Europe banks may not be a risk…but are they a buy?


In an effort to soothe frazzled investor nerves and temper some of the volatility seen in financial markets this year, banking analysts have issued an almost uniform response on the embattled sector.

Fears are overdone, they believe, stating that liquidity and capital buffers in European lenders have strengthened considerably since the global financial crisis of 2008. They also highlight that emergency funding for banks from the European Central Bank (ECB) remains relatively untouched.

The European Central Bank President Mario Draghi
Kai Pfaffenbach | Reuters

But, just because brokers on both sides of the Atlantic are seemingly not too concerned about another full-blown recession, doesn't mean they are recommending you buy these banks either.

The specter of negative interest rates and a lack of any earnings or dividend growth mean that even though European banks are now looking relatively cheap, the long-term outlook for gains is still not great.

"We don't see a liquidity crisis in European Banks (including Deutsche Bank) and we believe that the banks will be able to fund in private markets, well below current spreads if necessary, as we witnessed during the sub-prime/ euro zone crisis. So do we buy European banks now? No, as we remain cautious, with management and analysts being behind the curve in our view on earnings and dividends," said banking analyst at JP Morgan, Kian Abouhossein.

Much of the volatility seen in markets this month has been attributed to fears that European banks might struggle to meet their liabilities, with the spotlight on German lender Deutsche Bank and its ability to make coupon payments on its CoCo or additional tier 1 bonds.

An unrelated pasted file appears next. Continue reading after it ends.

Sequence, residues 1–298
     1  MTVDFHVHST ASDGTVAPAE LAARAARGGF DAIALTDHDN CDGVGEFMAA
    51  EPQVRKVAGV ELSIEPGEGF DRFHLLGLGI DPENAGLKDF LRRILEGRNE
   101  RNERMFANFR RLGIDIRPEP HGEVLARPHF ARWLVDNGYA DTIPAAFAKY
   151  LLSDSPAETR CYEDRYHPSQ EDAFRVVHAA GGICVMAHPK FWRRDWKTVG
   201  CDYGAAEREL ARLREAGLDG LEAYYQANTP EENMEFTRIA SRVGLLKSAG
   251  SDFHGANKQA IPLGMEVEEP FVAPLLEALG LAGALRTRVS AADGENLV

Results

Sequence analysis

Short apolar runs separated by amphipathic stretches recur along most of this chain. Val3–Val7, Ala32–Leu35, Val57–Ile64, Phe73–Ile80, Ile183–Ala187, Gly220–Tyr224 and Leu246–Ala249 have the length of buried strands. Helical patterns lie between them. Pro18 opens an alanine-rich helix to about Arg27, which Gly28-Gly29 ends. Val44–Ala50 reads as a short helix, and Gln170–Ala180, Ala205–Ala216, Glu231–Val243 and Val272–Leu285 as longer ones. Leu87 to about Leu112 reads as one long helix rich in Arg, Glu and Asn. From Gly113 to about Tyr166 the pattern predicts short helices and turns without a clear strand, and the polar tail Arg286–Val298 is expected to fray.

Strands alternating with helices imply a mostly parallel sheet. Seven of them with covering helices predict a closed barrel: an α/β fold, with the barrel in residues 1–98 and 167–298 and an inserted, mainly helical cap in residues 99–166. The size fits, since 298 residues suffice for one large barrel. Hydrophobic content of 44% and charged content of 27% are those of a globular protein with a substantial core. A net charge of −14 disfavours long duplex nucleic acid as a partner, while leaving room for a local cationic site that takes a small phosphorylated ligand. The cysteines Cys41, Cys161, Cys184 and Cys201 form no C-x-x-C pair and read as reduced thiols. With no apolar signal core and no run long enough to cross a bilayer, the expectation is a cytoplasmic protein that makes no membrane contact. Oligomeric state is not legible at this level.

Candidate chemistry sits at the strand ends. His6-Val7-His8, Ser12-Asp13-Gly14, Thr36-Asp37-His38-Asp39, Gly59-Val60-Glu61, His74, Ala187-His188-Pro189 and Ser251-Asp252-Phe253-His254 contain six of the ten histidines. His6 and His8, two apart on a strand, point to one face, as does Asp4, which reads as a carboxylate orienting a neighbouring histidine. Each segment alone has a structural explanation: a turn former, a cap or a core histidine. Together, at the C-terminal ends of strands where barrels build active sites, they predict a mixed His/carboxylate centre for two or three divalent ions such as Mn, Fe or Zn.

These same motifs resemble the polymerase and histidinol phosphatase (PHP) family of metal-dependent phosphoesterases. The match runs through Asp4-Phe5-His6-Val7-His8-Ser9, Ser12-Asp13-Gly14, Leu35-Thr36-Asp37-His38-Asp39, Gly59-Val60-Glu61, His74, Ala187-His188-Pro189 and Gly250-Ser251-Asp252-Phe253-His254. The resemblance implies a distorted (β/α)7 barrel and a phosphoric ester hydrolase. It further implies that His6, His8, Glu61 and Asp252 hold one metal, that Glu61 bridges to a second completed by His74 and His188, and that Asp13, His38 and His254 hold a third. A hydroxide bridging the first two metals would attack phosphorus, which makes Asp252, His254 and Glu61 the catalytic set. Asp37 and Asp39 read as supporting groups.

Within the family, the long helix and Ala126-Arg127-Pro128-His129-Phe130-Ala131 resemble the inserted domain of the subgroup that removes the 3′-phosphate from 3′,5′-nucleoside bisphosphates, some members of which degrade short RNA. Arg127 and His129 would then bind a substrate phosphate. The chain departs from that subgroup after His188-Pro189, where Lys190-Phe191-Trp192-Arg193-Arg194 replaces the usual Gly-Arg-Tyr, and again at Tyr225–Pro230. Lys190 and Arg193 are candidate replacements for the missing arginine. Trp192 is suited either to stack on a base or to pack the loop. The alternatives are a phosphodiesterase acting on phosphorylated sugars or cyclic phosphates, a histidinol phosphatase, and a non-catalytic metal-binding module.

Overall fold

Financial traders at the Frankfurt Stock Exchange
Do we need to worry about CoCo bonds?

Contingent convertible—or "CoCo" bonds differ from regular convertible debt in that they only convert to equity once a specified event has occurred, such as a share price hitting a certain level.

U.S. banks are more attractive than their European counterparts, as without the risks of CoCo bonds, which are still not very popular in the U.S., their capital structure is better, Abouhossein added.

"I think the threat of negative interest rates has really spooked markets, but I think the risk of a sustained low oil price is something else that carries significant uncertainties. I think there could be knock-on effects that we have not seen yet, stemming from a range of economies," Simon Willis, head of research and banking analyst at Daniel Stewart, said.

"It may be that the (capital) buffer is adequate, but I think at the moment markets fear, and investors feel they just don't know," he added.

Do European banks have a safety net?

Negative rates will likely erode bank profits by 5-10 percent according to Head of European Banking Research at Morgan Stanley, Huw Van Steenis, who said that a deposit rate cut beyond 10-20 basis points, could have an "exponential" impact on earnings.

"With rates set to remain lower for longer, margin pressure is set to be one of the biggest concerns for European banks also in 2016. We are concerned another bout of ECB QE (quantitative easing) will be negative, not positive for the banks. Moreover negative rates really concern us," he said.

Morgan Stanley believe banks with a stronger asset and wealth management bias look set to benefit from ECB policy, such as UBS and Credit Suisse.

JP Morgan's pick of the sector also included Danske Banke, along with Lloyds, which was bailed out by U.K. taxpayers in 2008 and Austrian bank Erste Bank.

"We want to own dividend-paying, high cashflow-generating banks which can sustain shocks … these banks are not the highest dividend yield payers but we have high conviction on dividend per share (DPS) to be delivered," Abouhossein said.